This post is a rumination on the pitfalls and promises of focussing a history book too much on personality… or not at all. Along the way I will touch upon the toilet habits of the first president of the China, the ancient secret to a healthy life, and the views of a talking mouse…
Close your eyes and conjure up an image of Christopher Columbus… Did you do it? What did you see? If you are anything like me you will envisage a cheerful little fellow wearing a captains hat, pantaloons and buckled shoes…
History can mean different things to different people. How is my UK perspective on the subject different from a United Statesian’s for example? What is the best way to study this difference? And why should we care?
I have never knowingly met a post-modernist. Perhaps I have been going to the wrong parties – back in the days when I went to parties. I am keen to meet one. If you are one or can introduce one get in touch.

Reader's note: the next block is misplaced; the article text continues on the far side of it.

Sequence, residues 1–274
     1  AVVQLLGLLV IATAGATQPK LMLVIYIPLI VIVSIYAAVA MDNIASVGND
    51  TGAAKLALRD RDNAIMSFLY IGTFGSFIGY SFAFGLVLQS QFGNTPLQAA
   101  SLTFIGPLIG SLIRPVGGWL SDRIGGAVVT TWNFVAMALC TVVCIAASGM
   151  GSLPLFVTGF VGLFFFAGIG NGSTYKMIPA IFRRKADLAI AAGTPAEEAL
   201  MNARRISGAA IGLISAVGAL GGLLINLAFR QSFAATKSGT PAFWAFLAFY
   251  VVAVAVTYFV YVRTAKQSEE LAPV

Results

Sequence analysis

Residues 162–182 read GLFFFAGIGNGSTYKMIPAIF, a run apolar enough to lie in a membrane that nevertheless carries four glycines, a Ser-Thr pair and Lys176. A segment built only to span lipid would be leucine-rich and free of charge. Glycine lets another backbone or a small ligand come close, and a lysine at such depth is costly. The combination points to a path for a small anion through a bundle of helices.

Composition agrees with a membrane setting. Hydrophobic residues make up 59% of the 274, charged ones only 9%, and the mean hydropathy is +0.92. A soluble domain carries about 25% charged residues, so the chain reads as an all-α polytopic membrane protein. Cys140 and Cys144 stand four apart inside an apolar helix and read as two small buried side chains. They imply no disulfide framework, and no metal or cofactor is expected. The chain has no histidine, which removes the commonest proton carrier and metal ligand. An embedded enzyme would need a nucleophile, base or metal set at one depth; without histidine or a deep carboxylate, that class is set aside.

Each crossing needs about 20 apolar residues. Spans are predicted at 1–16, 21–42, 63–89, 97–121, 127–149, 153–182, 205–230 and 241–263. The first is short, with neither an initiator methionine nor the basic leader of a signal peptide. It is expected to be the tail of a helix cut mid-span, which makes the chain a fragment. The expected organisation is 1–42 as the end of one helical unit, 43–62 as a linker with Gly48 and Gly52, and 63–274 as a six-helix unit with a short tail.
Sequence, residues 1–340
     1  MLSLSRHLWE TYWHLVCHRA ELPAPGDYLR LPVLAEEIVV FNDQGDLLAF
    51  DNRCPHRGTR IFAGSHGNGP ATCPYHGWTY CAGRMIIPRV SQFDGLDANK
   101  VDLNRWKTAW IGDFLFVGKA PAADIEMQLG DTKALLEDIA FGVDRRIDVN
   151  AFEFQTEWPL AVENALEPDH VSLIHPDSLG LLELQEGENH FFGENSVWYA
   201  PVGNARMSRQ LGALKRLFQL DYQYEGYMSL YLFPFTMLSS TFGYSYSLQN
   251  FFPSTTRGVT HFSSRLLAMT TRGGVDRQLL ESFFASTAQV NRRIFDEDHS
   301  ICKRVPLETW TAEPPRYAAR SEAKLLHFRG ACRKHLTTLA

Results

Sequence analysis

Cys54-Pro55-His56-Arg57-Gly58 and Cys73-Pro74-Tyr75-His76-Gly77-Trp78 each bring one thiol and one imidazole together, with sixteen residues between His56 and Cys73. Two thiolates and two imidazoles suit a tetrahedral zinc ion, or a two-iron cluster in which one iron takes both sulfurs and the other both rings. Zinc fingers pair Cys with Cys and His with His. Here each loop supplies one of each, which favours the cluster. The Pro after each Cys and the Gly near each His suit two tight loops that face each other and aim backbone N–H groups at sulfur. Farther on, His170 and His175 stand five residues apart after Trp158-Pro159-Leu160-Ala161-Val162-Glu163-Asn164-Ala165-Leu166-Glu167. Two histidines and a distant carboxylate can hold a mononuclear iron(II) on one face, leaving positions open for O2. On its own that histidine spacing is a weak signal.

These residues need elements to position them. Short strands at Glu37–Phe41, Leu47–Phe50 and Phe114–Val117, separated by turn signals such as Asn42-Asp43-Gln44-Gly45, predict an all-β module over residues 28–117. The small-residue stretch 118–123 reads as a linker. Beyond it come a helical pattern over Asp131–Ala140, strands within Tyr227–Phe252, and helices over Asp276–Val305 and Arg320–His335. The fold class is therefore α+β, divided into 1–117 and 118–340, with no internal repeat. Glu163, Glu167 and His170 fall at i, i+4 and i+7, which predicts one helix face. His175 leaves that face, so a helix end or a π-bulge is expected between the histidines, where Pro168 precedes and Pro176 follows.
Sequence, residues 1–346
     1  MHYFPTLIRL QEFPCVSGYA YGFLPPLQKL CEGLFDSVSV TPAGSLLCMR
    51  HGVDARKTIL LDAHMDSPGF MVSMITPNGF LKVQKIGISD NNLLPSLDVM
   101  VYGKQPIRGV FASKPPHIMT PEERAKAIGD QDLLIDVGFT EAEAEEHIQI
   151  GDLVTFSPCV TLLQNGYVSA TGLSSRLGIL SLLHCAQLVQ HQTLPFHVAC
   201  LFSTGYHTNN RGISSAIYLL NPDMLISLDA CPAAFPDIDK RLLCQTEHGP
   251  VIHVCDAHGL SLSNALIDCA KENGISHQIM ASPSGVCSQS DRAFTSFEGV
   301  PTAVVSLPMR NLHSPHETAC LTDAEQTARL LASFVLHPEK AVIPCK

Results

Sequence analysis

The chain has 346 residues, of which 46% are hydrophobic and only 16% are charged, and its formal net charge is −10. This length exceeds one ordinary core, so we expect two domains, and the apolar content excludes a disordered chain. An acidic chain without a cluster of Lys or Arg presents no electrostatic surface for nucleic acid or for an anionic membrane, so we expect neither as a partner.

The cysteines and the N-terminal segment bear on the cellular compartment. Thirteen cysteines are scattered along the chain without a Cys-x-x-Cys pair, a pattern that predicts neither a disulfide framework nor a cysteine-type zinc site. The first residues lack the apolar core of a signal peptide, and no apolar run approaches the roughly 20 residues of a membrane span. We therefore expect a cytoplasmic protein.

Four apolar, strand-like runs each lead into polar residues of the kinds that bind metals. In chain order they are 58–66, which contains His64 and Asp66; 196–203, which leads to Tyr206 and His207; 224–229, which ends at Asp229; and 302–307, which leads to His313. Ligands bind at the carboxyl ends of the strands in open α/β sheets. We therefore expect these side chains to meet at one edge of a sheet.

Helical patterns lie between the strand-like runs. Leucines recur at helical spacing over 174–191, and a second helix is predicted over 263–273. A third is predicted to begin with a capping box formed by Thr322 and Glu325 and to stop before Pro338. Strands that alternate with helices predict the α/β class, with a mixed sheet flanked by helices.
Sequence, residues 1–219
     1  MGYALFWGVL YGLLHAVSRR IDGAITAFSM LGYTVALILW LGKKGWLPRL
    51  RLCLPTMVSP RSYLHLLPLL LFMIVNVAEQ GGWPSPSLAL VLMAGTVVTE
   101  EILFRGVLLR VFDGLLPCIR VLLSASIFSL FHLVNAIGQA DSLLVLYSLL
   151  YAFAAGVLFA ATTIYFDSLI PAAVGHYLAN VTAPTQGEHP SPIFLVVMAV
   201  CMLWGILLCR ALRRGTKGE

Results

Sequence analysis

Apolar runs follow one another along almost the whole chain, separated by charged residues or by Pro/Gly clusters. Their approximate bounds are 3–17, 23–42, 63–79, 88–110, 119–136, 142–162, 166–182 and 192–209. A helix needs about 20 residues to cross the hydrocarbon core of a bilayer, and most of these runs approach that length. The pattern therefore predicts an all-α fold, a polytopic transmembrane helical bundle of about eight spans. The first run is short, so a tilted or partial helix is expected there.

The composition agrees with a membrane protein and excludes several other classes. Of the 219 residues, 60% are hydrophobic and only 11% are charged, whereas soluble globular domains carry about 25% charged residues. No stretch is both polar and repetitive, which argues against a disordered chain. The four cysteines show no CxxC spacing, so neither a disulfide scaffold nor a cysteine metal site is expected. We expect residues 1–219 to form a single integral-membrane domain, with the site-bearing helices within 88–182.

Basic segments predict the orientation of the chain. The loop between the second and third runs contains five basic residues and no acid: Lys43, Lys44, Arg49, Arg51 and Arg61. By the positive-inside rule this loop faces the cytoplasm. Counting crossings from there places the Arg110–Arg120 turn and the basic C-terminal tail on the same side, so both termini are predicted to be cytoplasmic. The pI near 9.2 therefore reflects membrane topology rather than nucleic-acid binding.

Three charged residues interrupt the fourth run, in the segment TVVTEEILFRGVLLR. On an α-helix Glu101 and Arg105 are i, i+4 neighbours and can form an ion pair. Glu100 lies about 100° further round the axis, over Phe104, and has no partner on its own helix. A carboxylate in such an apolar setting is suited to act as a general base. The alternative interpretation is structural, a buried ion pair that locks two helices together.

The reason that I am so interested to make this acquaintance is…
On this site we try to find, read and review new history books (or mostly new ones – see FAQ). But are we right to focus on new books? Is there any reason to prefer a book about the Normans written in the last 5 years to one written 30 years ago – or 130 […]
There is something about the theory of history or historiography – ie how and why the study of history is conducted – that can inflame passions among professional historians. Seemingly mild mannered individuals can become enraged, and previously impersonal prose becomes peppered with personal insults.
“..at the end, Garder [the last Norse settlement in Greenland] was like an overcrowded lifeboat… famine and associated disease would have caused a breakdown of respect for authority… starving people would have poured into Gardar… slaughtering the last cattle and sheet… eating the dogs and newborn livestock…” Jared Diamond, Collapse So writes Jared Diamond on […]